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Recently published data from three Phase 3 trials of Ocrevus (ocrelizumab) show that the investigational drug does what no other therapy has achieved so far — working to prevent disease in both relapsing and primary progressive (PP) forms of multiple sclerosis (MS).
Publications in the New England Journal of Medicine show that all three studies reached their main goals. In the case of relapsing MS, that meant effectively lowering relapse rates, and for PPMS, slowing the progression of disability.
The two identical OPERA I and OPERA II trials (NCT01247324 and NCT01412333) in relapsing MS were covered in the article Ocrelizumab versus Interferon Beta-1a in Relapsing Multiple Sclerosis,” and the ORATORIO (NCT01194570) study in PPMS was described in the article Ocrelizumab versus Placebo in Primary Progressive Multiple Sclerosis.”
In relapsing MS, the trials showed that treatment with Ocrevus, a B-cell depleting drug, was superior to treatment with Rebif (interferon beta-1a), with a 46% and 47% relative reduction in the annualized relapse rate in the two trials. In the PPMS trial, the drug was compared to placebo.
Read complete article by clicking here




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Tinnitus and MS: An Annoying Combination


                                                                  
  

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Loss of hearing symptoms such as tinnitus are not usually attributed to multiple sclerosis, but for those with MS who do experience tinnitus, like me, they can be very annoying.
The American Tinnitus Association (ATA) describes the symptoms as: “the perception of sound when no actual external noise is present. While it is commonly referred to as ‘ringing in the ears’, tinnitus can manifest many different perceptions of sound, including buzzing, hissing, whistling, swooshing, and clicking. In some rare cases, tinnitus patients report hearing music.”
From the ATA website I have learned there are two different types:
1. Subjective Tinnitus: Head or ear noises that are heard only by the patient. Subjective tinnitus is usually caused by auditory and neurological reactions to hearing loss, but can also be caused by other issues as well. More than 99% of all tinnitus cases are of the subjective variety.
2. Objective Tinnitus: Head or ear noises that are audible to other people, as well as the patient. These sounds are usually produced by internal functions in the body’s circulatory (blood flow) and somatic (musculo-skeletal movement) systems. Objective tinnitus is very rare, representing less than 1% of total tinnitus cases.
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Tuesday, January 3, 2017

Insufficient Vitamin D Levels in Newborns Influence Multiple Sclerosis Risk


                                                                  
  

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Babies born with low levels of vitamin D may be more likely to develop multiple sclerosis (MS) later in life compared with babies born with higher levels of vitamin D.

 In a study published in Neurology, investigators used the Danish National Biobank, which stores dried blood spot samples from newborn screening tests. They identified everyone in Denmark included in the biobank, who were born since April 30, 1981, and had onset of MS by 2012.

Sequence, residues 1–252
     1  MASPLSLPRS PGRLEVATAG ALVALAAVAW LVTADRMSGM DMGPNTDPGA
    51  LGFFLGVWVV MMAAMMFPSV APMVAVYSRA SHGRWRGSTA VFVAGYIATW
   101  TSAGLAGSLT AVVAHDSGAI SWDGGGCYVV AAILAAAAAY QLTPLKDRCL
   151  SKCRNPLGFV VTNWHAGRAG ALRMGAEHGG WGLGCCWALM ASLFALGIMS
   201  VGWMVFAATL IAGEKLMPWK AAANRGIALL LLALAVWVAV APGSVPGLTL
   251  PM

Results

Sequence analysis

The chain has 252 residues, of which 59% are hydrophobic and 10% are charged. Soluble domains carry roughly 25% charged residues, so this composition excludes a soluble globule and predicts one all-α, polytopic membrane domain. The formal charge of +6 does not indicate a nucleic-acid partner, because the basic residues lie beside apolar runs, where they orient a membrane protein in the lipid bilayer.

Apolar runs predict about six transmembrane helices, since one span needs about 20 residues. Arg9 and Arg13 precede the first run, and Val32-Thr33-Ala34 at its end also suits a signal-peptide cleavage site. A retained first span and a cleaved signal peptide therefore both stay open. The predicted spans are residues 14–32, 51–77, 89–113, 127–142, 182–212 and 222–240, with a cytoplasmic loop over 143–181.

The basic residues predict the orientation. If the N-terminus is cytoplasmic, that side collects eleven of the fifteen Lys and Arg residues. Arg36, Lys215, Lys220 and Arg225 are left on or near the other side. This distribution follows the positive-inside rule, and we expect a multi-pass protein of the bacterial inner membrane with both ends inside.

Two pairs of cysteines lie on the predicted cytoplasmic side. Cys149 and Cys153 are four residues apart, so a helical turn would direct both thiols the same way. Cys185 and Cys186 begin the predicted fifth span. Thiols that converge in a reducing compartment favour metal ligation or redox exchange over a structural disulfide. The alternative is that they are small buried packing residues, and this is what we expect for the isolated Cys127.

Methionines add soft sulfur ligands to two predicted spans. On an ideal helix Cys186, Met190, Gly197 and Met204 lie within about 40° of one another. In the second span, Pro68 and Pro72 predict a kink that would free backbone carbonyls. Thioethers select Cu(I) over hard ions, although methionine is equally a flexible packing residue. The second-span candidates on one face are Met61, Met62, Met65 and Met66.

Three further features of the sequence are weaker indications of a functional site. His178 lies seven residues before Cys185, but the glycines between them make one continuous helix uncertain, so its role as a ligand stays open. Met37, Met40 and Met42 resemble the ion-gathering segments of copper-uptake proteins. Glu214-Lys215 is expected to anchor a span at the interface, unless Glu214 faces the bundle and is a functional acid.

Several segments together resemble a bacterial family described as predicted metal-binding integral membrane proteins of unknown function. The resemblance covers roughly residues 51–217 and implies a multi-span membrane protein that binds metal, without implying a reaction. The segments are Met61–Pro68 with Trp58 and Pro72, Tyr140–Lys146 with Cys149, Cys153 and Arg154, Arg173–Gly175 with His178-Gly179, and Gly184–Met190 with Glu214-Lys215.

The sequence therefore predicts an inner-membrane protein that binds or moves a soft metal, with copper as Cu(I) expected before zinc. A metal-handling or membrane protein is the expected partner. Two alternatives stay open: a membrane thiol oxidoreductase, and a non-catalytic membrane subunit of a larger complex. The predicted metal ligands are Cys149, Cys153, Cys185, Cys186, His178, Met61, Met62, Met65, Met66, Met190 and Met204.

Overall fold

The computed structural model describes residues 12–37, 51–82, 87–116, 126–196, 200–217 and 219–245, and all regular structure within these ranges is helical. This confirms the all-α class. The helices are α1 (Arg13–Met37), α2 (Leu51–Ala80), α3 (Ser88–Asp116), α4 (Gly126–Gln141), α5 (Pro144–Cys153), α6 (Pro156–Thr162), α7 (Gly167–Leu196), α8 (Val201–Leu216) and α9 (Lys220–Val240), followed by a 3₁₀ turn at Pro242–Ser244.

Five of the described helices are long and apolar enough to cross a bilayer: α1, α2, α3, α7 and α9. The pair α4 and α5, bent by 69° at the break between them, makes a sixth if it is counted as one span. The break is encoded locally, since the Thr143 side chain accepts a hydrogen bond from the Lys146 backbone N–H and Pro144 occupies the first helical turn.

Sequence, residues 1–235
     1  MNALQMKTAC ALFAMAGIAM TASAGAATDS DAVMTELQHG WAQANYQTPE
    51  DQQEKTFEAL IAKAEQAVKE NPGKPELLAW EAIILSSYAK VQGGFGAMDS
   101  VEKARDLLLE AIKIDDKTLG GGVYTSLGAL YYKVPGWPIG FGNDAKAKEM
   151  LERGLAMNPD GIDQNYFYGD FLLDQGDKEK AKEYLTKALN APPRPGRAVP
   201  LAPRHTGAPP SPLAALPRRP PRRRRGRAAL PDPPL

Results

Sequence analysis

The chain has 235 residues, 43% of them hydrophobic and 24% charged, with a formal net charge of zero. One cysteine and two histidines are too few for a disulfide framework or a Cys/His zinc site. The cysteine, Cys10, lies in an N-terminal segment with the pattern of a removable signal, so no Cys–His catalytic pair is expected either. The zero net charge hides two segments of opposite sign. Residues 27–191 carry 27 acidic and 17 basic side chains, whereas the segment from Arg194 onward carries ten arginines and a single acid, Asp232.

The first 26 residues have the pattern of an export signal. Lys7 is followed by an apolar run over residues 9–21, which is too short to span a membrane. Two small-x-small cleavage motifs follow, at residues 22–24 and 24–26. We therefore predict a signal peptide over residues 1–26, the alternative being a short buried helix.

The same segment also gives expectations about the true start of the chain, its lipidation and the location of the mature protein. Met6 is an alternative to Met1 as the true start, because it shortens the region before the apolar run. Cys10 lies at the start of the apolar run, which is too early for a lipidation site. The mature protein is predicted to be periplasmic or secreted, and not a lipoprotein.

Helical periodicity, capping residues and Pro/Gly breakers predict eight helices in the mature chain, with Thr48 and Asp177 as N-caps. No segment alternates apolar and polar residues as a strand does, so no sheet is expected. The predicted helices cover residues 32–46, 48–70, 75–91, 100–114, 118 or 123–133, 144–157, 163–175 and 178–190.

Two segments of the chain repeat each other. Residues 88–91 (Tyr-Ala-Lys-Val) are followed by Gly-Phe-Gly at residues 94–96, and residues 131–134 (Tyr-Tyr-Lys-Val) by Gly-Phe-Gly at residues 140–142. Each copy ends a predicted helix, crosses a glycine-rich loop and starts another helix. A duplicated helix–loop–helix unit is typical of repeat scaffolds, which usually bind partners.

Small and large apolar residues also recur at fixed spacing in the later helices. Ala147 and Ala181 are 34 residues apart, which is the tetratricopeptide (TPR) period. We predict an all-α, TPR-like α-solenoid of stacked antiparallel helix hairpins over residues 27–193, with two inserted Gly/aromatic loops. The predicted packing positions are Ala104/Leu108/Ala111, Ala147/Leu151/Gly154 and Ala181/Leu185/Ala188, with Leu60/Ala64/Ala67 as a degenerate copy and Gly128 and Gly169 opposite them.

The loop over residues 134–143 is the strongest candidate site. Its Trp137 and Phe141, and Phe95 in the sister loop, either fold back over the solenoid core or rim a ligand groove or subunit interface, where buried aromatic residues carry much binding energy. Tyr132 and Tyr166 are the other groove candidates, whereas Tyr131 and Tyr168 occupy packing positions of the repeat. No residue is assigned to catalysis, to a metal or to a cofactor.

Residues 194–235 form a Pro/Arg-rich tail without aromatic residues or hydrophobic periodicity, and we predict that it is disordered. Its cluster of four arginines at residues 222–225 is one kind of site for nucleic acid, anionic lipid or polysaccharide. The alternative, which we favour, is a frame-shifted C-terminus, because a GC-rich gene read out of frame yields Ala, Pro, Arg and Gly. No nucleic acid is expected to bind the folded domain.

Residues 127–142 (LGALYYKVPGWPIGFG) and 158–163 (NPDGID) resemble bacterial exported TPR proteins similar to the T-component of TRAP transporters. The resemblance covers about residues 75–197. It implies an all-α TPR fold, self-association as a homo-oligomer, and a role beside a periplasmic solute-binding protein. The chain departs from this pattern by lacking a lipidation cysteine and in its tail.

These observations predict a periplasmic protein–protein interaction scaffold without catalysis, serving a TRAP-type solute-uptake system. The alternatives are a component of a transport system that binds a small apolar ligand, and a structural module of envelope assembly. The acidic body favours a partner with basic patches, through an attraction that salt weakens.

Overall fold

Blood spot samples from 521 individuals were compared with 972 individuals of the same sex and birthday who did not have MS. In the study, insufficient levels of vitamin D in newborns was defined as less than 50 nmol/L, and levels higher than or equal to 50 nmol/L were considered sufficient. 

The participants were divided into 5 groups based on their vitamin D levels, with the bottom group having levels less than 21 nmol/L, and the top group with levels higher than or equal to 49 nmol/L, according to the study. There were 136 patients with MS and 193 participants without MS in the bottom group, and 89 individuals with MS and 198 without MS in the top group. 

The results of the study showed that participants in the top group appeared to be 47% less likely to develop MS later in life than those in the bottom group. 

The authors emphasized that although these findings are enlightening, they do not prove that increasing vitamin D levels reduces the risk of MS. - 

Read complete article by clicking here




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MS Patient story - Carolina' Panther's, Bickell eyes return to ice despite MS


                                                                  
  

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Dec 30, 2016

RALEIGH, N.C. -- Bryan Bickell says he doesn't want to let multiple sclerosis end his hockey career.
The Carolina Hurricanes forward said during the first intermission of Friday night's 3-2 win over the Chicago Blackhawks that "my mindset is to get back on the ice, and I think I can do that."
The Hurricanes announced Bickell's diagnosis last month, and he has been on injured reserve since Nov. 11.
He says his treatment includes a round of medication once a month, which he began taking "a couple of weeks ago."
Friday's game held special significance for Bickell, who helped the Blackhawks win three Stanley Cups before he was traded to Carolina over the summer. Bickell, 30, had one goal in seven games with the Hurricanes but hasn't played since Oct. 30.
Source